Hoffman2:Linux Tutorial

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A tutorial from Hoffman2 support

Here is a simple tutorial from Hoffman2's support page

Permissions

Permissions determine who and to what degree users can access a file.

The key terminology and function of the permission system is found here:

UNIX Permissions

List of Utilities Covered

File System Navigation

The following series of tutorials provide a very basic introduction to file system navigation on unix like systems without any assumptions of prior knowledge on the topics.

  • Listing files & directories, making directories, changing directories, the . and .. directories, pathnames, the "home" directories
  • Copying files, moving files, removing files and directories, displaying the contents of a file, searching the contents of a file

List of Utilities Covered

  • ls
  • mkdir
  • cd
  • pwd
  • cp
  • mv
  • rm
  • cat
  • less
  • head & tail
  • grep

File & Shell Management

This is where your career on a UNIX type system can be made or crippled. Sure you know how to move around, list files, find out where you are, and display the contents of files. But now you have to do something with those files. And let's face it, there are a whole lot of files.

It is highly recommended that the reader look over Tutorial Four on how to use wildcards for matching before preceding with this section.

The good news is, using the above utilities we just learned about we can accomplish almost anything we want to do using a very handy utility called find.

As the name might imply, find, well, finds things. What it finds is up to you. find has many, many options. All laid out in its man page. However, for most purposes only a few are needed. We'll cover those here.

A basic find command looks like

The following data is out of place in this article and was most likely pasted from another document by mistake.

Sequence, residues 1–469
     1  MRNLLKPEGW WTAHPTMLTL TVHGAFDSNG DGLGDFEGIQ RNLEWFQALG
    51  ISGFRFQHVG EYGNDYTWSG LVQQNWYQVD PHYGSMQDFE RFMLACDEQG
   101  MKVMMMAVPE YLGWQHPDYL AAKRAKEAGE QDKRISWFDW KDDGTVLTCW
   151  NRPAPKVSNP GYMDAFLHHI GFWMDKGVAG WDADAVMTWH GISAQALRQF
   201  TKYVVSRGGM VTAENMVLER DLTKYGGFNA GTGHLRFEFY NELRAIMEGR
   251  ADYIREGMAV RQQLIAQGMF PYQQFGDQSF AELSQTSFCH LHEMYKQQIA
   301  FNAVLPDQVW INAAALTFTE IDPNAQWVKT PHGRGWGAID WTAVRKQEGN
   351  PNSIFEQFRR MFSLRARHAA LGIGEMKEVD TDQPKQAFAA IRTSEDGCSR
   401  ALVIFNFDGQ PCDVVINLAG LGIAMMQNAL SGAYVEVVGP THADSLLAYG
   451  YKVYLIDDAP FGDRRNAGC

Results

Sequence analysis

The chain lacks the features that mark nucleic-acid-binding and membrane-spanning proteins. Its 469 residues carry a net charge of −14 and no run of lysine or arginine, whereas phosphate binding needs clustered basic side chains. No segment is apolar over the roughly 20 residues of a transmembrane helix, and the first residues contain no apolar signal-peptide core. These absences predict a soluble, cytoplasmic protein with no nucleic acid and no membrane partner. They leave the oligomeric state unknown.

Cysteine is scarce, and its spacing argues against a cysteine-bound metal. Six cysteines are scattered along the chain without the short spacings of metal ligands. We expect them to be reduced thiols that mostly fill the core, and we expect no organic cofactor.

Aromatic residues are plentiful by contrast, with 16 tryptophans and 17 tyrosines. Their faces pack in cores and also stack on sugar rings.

$ find /path/to/directory -name 'filename.txt'

This command looks at all files in /path/to/directory and in all directories therein for a file named 'filename.txt'.

Common Options

-type
Specifies the type of file we're looking for. e.g. text file, directory, link, etc.
-name
Specifies the name of the file. Case Sensitive
-iname
Specifies the name of the file. Case Insensitive
-or
Joins the precedeing and following terms by the boolean OR
-and
Joins the preceding and following terms by the boolean AND
-not
negates the next term. e.g. -not -empty means "is not empty"
-exec
excutes a shell command for each file found. The only 'trick' is to replace the actual file name with {} and end the command with a \;. This should become clear when reviewing the examples below.
-empty
The file or directory is empty.

We can combine the above options to preform complex searches on the file system and, even better, execute commands on those search terms. For a list of all options and their arguments, please see Find Man Page.

Examples

  1. Find all directories named 'tsplot' in the current directory
     $ find . -name tsplot -type d 
  2. Find all empty directories in the directory /u/home9/foo/data
     $ find /u/home9/foo/data -empty 
  3. Find all empty files or directories named 'tsplot' in the current directory
     $ find . -name tsplot -or -type d -empty 

Using commands we've already learned to perform actions on the above.

  1. Find all files named design.fsf and look for a subject named 'foo'
     $ find . -name design.fsf -type f -exec grep "foo" {} \; 

With a little reading of the man page, we find a new option called -user, which finds all files that belong to the specified user

  1. Find all files owned by user 'foo' and change their permissions
     $ find . -type f -user foo -exec chmod -R ug+rwX {} \; 

Environment Variables

UNIX uses environment variables to pass information to various tools during a session. These variables are named in all capitals by convention. You can see all of the environment variables and their values by using the command

$ env

To simply see the value of one variable, you can echo its value